At least in the Canoa region, however, a primary cause of the loss of gray whales must have been the continual uplift of the Ecuador coast, which has eliminated the shallow embayments suitable for gray whale breeding. Gray whales only raise calves in sheltered lagoons and embayments, typically in waters of 10 m depth or less (Gardner and Chavez-Rosales, 2000; Goerlitz et al., 2003; IWC, 2011). While previous periods of high sea level would have created such a suitable breeding habitat within the Canoa Basin, uplift of the Ecuadorian coast has resulted in the modern Canoa coast being dominated by cliffs, while Andean uplift has further eliminated shallow embayments along the South American coast (Lindberg, 1991). Humpback whales, in contrast, will breed in a wider variety of water depths, and so may have been undisturbed by this loss of shallow habitat (Felix and Botero-Acosta, 2011; Pack et al., 2017).
An alternative explanation is that C. rhachianecti once commonly occurred on a different host whale species. However, there is little to support this hypothesis. Settlement of coronulid larvae seems to be initiated by chemical cues from the preferred host's skin (Nogata and Matsumura, 2005), while contact with other hosts initiates an immune response capable of shedding a barnacle (Ridgeway et al., 1997). Consequently, the most parsimonious explanation for the occurrence of C. rhachianecti fossils within the deposits is the prior presence of gray whales in the area.
The δ18O range of the Canoa Basin fossils is smaller than that collected from modern C. rhachianecti specimens, which may reflect the fragmentary nature of the shells, or it may reflect real differences in the migratory extent of the host whales as compared to their modern counterparts. If there was once a population of gray whales visiting the coast of Ecuador, then those whales have no directly comparable modern counterpart, but some insight may come from looking at the behavior of humpback whales that breed off the modern Ecuador coast (Sheidat et al., 2000; Felix and Botero-Acosta, 2011). These modern humpbacks are known to migrate to feeding areas along the coast of Chile, within the Magellan Strait, and along the Antarctic Peninsula (Gibbons et al., 2003; Acevedo et al., 2007; Capella et al., 2008; Felix and Olavarria, 2012; Hucke-Gaete et al., 2013). It is known that small numbers of modern gray whales do not migrate (Pyenson and Lindberg, 2011), but the δ18O ranges of these fossils are difficult to explain via annual variation in the immediate area, suggesting that the whales did migrate to some extent. The δ18O maxima are less enriched than would be expected if the host whales were traveling to Antarctica, but the δ18O ranges are similar to those of some barnacles collected from modern, migrating humpback whales (Taylor et al., 2019). It is plausible these ancient whales may have migrated to the Chilean coast, as some modern humpbacks do (Gibbons et al., 2003; Acevedo et al., 2007; Capella et al., 2008; Felix and Olavarria, 2012; Hucke-Gaete et al., 2013), but they also may have migrated to any number of unknown ancient feeding grounds.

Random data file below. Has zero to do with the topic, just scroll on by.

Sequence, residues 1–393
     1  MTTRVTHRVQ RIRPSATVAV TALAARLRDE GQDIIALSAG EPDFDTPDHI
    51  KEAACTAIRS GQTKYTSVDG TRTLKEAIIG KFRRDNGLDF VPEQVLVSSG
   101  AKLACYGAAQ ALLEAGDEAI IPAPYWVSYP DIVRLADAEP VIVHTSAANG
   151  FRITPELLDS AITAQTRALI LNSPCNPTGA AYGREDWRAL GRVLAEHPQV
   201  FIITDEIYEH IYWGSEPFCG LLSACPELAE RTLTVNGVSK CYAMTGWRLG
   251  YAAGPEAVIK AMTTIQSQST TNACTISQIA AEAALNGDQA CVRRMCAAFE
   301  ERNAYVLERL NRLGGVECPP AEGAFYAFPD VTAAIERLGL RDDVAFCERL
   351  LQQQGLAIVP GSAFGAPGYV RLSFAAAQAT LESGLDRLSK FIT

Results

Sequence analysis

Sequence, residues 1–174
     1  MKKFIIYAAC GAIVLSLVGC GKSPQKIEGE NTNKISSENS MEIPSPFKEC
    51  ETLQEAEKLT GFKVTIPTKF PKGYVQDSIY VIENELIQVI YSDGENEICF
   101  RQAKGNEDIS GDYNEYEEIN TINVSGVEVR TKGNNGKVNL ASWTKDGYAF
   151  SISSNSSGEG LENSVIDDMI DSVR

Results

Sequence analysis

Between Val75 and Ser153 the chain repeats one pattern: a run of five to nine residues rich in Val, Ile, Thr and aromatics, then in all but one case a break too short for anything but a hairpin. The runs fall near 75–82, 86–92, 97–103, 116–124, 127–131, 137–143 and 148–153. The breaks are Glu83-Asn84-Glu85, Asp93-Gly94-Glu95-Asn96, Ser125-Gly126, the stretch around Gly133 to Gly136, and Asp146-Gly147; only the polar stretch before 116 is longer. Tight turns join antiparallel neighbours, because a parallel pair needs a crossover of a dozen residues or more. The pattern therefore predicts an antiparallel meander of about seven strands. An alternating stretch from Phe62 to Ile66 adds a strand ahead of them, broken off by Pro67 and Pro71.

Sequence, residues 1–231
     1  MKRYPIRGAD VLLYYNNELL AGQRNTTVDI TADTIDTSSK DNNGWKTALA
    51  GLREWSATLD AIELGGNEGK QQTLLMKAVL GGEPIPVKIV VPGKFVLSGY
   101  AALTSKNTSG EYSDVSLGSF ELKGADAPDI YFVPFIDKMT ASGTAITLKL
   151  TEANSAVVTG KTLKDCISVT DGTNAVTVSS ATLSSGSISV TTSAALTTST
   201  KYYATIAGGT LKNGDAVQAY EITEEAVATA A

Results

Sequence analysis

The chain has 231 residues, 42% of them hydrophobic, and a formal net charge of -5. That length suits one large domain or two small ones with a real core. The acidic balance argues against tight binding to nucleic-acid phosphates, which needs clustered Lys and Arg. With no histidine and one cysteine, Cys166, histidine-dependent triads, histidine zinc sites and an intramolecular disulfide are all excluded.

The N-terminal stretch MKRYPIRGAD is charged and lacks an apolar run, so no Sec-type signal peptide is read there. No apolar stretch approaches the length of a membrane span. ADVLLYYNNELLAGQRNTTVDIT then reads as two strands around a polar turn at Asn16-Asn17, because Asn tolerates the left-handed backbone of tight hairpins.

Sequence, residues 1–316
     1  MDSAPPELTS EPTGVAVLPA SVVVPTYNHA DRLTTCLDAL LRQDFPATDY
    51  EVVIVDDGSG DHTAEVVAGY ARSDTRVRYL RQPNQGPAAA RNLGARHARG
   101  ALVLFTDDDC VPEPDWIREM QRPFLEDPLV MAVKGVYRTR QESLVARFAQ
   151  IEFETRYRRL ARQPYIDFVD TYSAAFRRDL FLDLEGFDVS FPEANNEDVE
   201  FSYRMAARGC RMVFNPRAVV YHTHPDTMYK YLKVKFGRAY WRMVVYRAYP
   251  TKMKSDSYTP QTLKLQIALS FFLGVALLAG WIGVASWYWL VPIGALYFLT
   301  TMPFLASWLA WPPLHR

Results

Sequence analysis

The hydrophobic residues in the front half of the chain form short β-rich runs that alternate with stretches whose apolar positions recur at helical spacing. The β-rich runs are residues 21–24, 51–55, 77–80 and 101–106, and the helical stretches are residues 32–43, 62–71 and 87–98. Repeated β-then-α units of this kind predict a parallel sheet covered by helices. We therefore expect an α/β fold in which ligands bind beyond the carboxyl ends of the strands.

Interpreting shell δ13C is less straight forward because δ13C may be affected by the incorporation of metabolic carbon, kinetic disequilibrium effects, temperature-dependent fractionation, and the effects of upwelling or freshwater input on δ13C of dissolved inorganic carbon. Interpretation of shell δ13C is best done in conjunction with corresponding shell δ18O, where depletion of both δ13C and δ18O may be a signal of freshwater input, and where depletion of δ13C corresponding to enriched δ18O may be a signal of upwelling (Killingley and Berger, 1979; Killingley and Lutcavage, 1983; Bemis and Geary, 1996; Sadler et al., 2012). There is some indication of depletion of δ13C where δ18O is most enriched in modern C. rhachianecti shells (Fig. 3; Taylor et al., 2019, fig. S2), but in both modern and fossil shells δ13C and δ18O are either not correlated or show a slight positive correlation over the majority of the captured signal, indicating that freshwater input and other factors may be exerting a strong influence on shell δ13C.
With only a handful of Cryptolepas fossils known, our finding of C. rhachianecti fossils in the Canoa Basin makes the region a promising area for further study. Collecting and isotopically analyzing more C. rhachianecti fossils from the Canoa Basin may offer more insight into the behavior of this prehistoric whale population.
Specimens were collected using excavation permit number M-JA-2018-82. Thank you to F. Flores and X. Guncay, our undergraduate research assistants during field work. We also thank D. Strauss and S. Kahanamoku of the UCMP for their work in photographing the specimens. We thank J. Jijón (Instituto Nacional de Patrimonio Cultural, Ecuador) for his support and help before, during, and after fieldwork. This study was supported by the Generalitat de Catalunya (CERCA Programme, and Beatriu de Pinós contract 2017 BP 00223 from AGAUR to JA), by the Geological Society of America, by the UC Berkeley Department of Integrative Biology, by the University of California Museum of Paleontology, by the American Society of Naturalists, and by the Paleontological Society.